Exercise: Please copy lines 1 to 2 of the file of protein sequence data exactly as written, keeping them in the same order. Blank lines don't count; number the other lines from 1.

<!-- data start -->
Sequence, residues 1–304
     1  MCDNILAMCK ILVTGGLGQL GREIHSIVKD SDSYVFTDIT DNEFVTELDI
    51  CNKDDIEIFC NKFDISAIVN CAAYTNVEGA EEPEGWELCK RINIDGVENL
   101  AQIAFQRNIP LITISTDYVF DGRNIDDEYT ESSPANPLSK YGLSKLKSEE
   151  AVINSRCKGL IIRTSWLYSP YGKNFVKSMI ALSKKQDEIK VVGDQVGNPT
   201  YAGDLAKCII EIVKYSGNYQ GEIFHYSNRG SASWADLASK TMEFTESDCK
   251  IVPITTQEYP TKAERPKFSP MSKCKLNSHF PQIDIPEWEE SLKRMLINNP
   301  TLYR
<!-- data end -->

Sequence, residues 1–304
     1  MCDNILAMCK ILVTGGLGQL GREIHSIVKD SDSYVFTDIT DNEFVTELDI